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October 23, 2018

Growing Percent of Firms in Developed Countries Are Zombies




ZURICH--The number of profit-constrained "zombie" firms has risen sharply since the late 1980s, according to research published Sunday by the Bank for International Settlements, a sign of the lingering effects from ultralow interest rates since the financial crisis.

Zombie firms are generally defined as companies that can't service their debt from profits during an extended period. These types of companies, which first gained attention in Japan decades ago and have since gained prevalence in Europe, steer resources away from healthier parts of the economy, weighing on productivity and economic growth.

"The prevalence of zombie firms has ratcheted up since the late 1980s," according to a paper published Sunday by the Switzerland-based BIS, a consortium of central banks, in its quarterly review of financial market developments.

Under a broad definition--the ratio of earnings before interest and taxes to interest paid is less than one for three-straight years in companies more than 10-years old--the percentage of zombie companies rose from 2% in the late 1980s to 12% in 2016. The data used by the authors covered 14 developed economies including the U.S., Japan, Germany and France.

And they seem to stay that way for longer. The authors found that whereas in the late 1980s zombie firms had a 60% chance of staying in that condition the following year, the probability reached 85% in 2016. Low interest rates have helped these firms stay afloat by reducing their financial pressure to reduce debt.

"Lower rates boost aggregate demand and raise employment and investment in the short run. But the higher prevalence of zombies they leave behind misallocate resources and weigh on productivity growth," the authors wrote.



For the full story, see:


Brian Blackstone. "Rise of the Zombies: Ranks of Non-Viable Firms Up Sharply Since 1980s, Study Says; Low rates have helped these firms stay afloat by reducing their financial pressure to reduce debt." The Wall Street Journal (Sunday, Sept. 23, 2018 URL: https://www.wsj.com/articles/rise-of-the-zombies-ranks-of-non-viable-firms-up-sharply-since-1980s-study-says-1537718401?mod=searchresults&page=1&pos=2

(Note: at least as of Oct. 1, 2018, this article appears only to have been published online.)


The study published in BIS Quarterly Review, and mentioned above, is:

Banerjee, Ryan Niladri, and Boris Hofmann. "The Rise of Zombie Firms: Causes and Consequences." BIS Quarterly Review (Sept. 2018): 67-78.






October 22, 2018

Origin of False Memories




(p. A19) Memories are subject to serious flaws, given the limitations and imperfections of the biological and psychological processes of recording, retaining and recalling them. Memories aren't computer files with exacting recall and retrieval functions. They are often disassembled and stored in "packets" in multiple brain locations. People don't store the fine details of all daily experiences, because of neuron capacity limitations. Even important details can be missed or lost.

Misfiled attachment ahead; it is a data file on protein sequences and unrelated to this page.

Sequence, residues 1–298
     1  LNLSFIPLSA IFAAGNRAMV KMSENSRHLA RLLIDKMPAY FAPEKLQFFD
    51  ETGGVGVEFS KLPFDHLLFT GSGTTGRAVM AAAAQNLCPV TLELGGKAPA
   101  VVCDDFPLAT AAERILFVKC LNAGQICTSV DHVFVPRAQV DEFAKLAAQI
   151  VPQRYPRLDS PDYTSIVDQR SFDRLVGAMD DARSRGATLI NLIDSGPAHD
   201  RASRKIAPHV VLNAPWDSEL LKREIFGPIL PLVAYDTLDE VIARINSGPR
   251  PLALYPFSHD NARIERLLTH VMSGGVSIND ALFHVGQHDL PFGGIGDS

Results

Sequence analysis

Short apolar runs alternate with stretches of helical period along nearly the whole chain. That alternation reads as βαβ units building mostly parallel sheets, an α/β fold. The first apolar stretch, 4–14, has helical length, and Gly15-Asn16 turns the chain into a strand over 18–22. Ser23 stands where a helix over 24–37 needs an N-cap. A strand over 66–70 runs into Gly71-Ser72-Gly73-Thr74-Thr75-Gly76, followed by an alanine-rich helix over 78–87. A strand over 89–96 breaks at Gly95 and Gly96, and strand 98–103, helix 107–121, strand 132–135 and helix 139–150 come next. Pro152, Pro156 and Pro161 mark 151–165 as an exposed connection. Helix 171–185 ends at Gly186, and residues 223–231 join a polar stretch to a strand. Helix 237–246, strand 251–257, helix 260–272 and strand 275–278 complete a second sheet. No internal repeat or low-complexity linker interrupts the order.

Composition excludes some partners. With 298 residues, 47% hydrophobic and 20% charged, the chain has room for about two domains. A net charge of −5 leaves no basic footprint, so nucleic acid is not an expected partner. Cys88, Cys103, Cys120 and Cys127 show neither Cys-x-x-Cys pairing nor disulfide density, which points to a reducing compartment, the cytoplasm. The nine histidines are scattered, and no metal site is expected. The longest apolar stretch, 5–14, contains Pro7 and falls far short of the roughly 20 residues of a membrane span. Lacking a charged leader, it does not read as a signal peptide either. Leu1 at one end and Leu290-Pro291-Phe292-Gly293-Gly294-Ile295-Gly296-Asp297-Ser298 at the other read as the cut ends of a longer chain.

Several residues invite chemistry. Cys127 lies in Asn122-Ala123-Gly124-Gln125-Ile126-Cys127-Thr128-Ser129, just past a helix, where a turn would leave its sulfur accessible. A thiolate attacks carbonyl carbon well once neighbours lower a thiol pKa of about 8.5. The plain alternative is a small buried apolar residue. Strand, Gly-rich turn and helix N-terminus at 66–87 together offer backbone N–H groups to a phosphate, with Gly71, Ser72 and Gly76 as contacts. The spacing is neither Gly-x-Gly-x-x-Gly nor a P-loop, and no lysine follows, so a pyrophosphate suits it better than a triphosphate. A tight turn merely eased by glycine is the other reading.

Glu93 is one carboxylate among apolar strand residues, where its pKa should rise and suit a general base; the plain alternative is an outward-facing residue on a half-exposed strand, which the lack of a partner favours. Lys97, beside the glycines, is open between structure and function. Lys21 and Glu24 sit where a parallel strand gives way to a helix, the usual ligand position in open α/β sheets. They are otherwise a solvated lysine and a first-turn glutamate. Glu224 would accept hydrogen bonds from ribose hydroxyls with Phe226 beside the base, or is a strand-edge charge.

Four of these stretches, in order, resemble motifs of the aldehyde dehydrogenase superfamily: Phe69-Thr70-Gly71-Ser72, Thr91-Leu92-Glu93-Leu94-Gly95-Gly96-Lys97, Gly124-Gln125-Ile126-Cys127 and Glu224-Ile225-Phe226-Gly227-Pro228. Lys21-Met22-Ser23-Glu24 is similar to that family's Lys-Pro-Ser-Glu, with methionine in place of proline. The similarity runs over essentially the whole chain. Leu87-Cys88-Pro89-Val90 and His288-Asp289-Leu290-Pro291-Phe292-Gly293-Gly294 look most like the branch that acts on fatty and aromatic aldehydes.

Hence the brain must be selective in which memories it stores and must condense them so that many details are left out. Many eyewitnesses and even victims of crimes don't take note of the facial features of gun-toting assailants or the make and color of getaway cars.


. . .


My colleague Elizabeth Loftus was able to "implant" false memories in a significant subset of laboratory subjects by showing them an official-looking poster of Disney characters, including Mickey Mouse and Bugs Bunny. Many subjects later remembered meeting Bugs Bunny on a childhood trip to Disneyland. Some of them even reported that Bugs had touched them inappropriately.

That was impossible. Bugs Bunny isn't a Disney character.



For the full commentary, see:

Richard B. McKenzie. "A Stumble Down Memory Lane; Like Kavanaugh's latest accuser, people often have 'gaps.' They don't always fill them with truth.." The Wall Street Journal (Tuesday, September 25, 2018): A19.

(Note: ellipsis added.)

(Note: the online version of the commentary has the date Sept. 24, 2018.)


The commentary quoted above is partly based on McKenzie's book:

McKenzie, Richard B. A Brain-Focused Foundation for Economic Science: A Proposed Reconciliation between Neoclassical and Behavioral Economics. Basingstoke, UK: Palgrave Macmillan, 2018..






October 21, 2018

"An Insular Fortress of Thought Coercion"




(p. A3) WASHINGTON--A day before Google's chief was set to meet with high-ranking Republicans, critics in a congressional hearing accused the internet giant and other tech firms of being "insular" and dismissive of the free-speech rights of conservatives.


. . .